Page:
I did a short run mid-last week. It didn’t feel bad. But everything felt off. I couldn’t put my finger on what – but I chalked it up to being tired after a long annoying day at work. I briefly wondered if I should bag this run – and do another one in about a month. But, I had already paid my money – so figured I should just go for it.
Last night, we got a call before we went to camp on the property of a family friend. The race was being held on an island – where there is one way on and off of it – a single lane each direction. On top of it, it’s a farming community – so it is easy to get a traffic jam with a few too many cars. Our friends called and told us they were fixing up their guest rooms. They both could not let us sleep outside before my race. Cool. That was good news.
I slept okay. But that’s typical as I cannot shut my mind off the night before a race. I had expected it. But I woke up with my back being sore. The mattress wasn’t great….and my lower back was telling me that.
I stretched it out. I hydrated because while the temperature was cool, the sun was shining quite bright. I knew on the open road (with no shade) it was going to feel much warmer running. I ate what I usually eat – what little I can eat before a race – and got my stuff pulled together.
The half marathon started 30 minutes later than predicted. The traffic jam had prevented people from getting onto the island on time, so they held the start to try to get as many people started at once as possible. When you use performance “foods” if you will, timing is everything. You usually consume about 10-15 minutes before the start. I went back and forth on taking in a few more calories before we started, but decided against it because we were still unsure exactly when we would start.
We finally got started. I ran with a friend of mine who runs about a minute slower than I do. I found last time that running with him makes sure I do not start off too fast. Also, it is a good warm up for about the first two miles. And the plan worked well. I was finding a great stride. And when we parted ways, all was good.
But, I started realizing something…..I had nothing going on in my head. I don’t listen to music because I usually spend more time fucking around with the “guaranteed not to slip” headphones – and it pisses me off eventually, so I got rid of them. Also, I realized that I need to hear my pace – my feet hitting the pavement – my breathing – my body’s running rhythm. BUT – I do need to have something – a song or something – going in my head as I run. Usually it’s a song…..that replays over and over and over again for 13 miles. But, as I was hitting 5 miles, I realized I had nothing. FUCK.
What did this mean? It meant all I had going through my head was how slow I felt like I was going. Or how far I had left to run. Or how hot it was. Or how much my back was hurting……I got to focus on all of the wrong things – the things that start mentally fucking with you at about mile 8……like it did me.
No matter how many times I reminded myself at mile 8 that I only had 5 miles left – my body was not convinced. My back hurt. My knee started hurting again. I wasn’t getting enough water – so I finally had to walk for a few minutes so I could make sure I was drinking enough. Walking to get water was a good decision, but only made me realize how sore my knee was feeling when I started again.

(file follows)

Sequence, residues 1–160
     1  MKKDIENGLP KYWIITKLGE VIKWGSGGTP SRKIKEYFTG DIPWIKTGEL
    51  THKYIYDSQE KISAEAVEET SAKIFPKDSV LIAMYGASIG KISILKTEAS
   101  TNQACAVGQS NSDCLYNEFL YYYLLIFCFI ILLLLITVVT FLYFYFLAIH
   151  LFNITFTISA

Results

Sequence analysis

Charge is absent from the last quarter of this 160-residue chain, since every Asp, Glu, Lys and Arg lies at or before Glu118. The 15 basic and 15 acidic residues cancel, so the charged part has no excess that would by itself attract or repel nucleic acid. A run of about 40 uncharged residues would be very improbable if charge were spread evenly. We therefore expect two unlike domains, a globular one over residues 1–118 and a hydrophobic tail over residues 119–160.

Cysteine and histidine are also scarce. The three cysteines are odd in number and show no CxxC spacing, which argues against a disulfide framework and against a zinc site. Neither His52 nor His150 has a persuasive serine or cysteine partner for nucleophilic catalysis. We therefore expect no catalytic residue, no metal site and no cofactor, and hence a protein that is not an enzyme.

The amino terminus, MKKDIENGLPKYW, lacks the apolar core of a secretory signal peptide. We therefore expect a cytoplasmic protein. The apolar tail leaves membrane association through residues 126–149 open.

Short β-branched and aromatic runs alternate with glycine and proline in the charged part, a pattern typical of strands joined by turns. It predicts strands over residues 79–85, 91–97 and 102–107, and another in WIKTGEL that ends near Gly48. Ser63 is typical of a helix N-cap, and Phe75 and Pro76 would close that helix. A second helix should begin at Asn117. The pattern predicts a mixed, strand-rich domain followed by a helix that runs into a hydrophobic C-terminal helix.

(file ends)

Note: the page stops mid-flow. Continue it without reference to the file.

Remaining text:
I had some Gu to get some more calories into my body. I was starting to need it, but my knee and back were not happy. So, I started negotiating with myself. If I get to this point, I’ll grab some water and walk a bit. This continued until the end of the race.
Oh, but I can’t forget what happened to me at about mile 9. I got dizzy for a few seconds, and felt myself drifting as I ran. Thankfully I had just swapped water bottles with my husband, so I had a fresh, full bottle of electrolytes. And yes, I took a moment to drink some. It made it pass, but it just added to my mental fight.
And that was the downside of the race. I mentally had to get myself across the finish line. My knee hurt – I was mentally done – and I was pissed at myself.
For those who know me, that last part shouldn’t surprise anyone. I will always after a situation like this one think about all of the things that went wrong. And how I should have done something differently. And in this case, I made myself quite a list. Hell, no song or anything else going through my head – I feel like crap while running – what’s left to do but make a list of how you got there. Or at least that’s what you do when you are me.
I crossed the finish line only 10 minutes past my last year’s half marathon time. I was surprised to be honest. It felt longer. But it didn’t matter. I was pissed at myself. My knee hurt. My back hurt. I was just done. I felt like I had let myself down. And yes, I know how ridiculous that sounds considering I had a hurt knee. But, to me, that’s not an excuse. (I’m a freak. I know I am. A competitive freak.)
My friend (who I started the race with) finished about 15 minutes after I did. He had a similar race. No pain, but was mentally out of it. Nothing seemed to go right for him either. He even described it as feeling off. And he ended up finishing about 10 minutes past his last half-marathon time. I guess it was one of those days for many of us. Still doesn’t make me feel better. I swear, with things like this, I’m my own worst critic.
So, it is done. I need to figure out what’s going on with my knee so I can get back on track again. I train for my next one starting in a few weeks. Thankfully, it’s a restart meaning – back to small distances. A chance, I see, to have a do-over.
Excuse me now, I’m going to go take a nap and get ready to drink beer tonight at the ball game. I mean, beer is a good recovery drink, right? Or at least for the mental recovery.